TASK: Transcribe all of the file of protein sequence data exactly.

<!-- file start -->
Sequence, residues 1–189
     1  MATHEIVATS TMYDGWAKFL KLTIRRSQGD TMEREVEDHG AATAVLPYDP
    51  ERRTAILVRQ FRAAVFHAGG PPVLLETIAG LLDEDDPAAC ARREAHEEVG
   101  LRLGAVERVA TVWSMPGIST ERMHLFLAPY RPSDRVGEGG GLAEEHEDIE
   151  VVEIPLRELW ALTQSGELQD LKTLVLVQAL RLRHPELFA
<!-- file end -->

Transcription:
Sequence, residues 1–189
     1  MATHEIVATS TMYDGWAKFL KLTIRRSQGD TMEREVEDHG AATAVLPYDP
    51  ERRTAILVRQ FRAAVFHAGG PPVLLETIAG LLDEDDPAAC ARREAHEEVG
   101  LRLGAVERVA TVWSMPGIST ERMHLFLAPY RPSDRVGEGG GLAEEHEDIE
   151  VVEIPLRELW ALTQSGELQD LKTLVLVQAL RLRHPELFA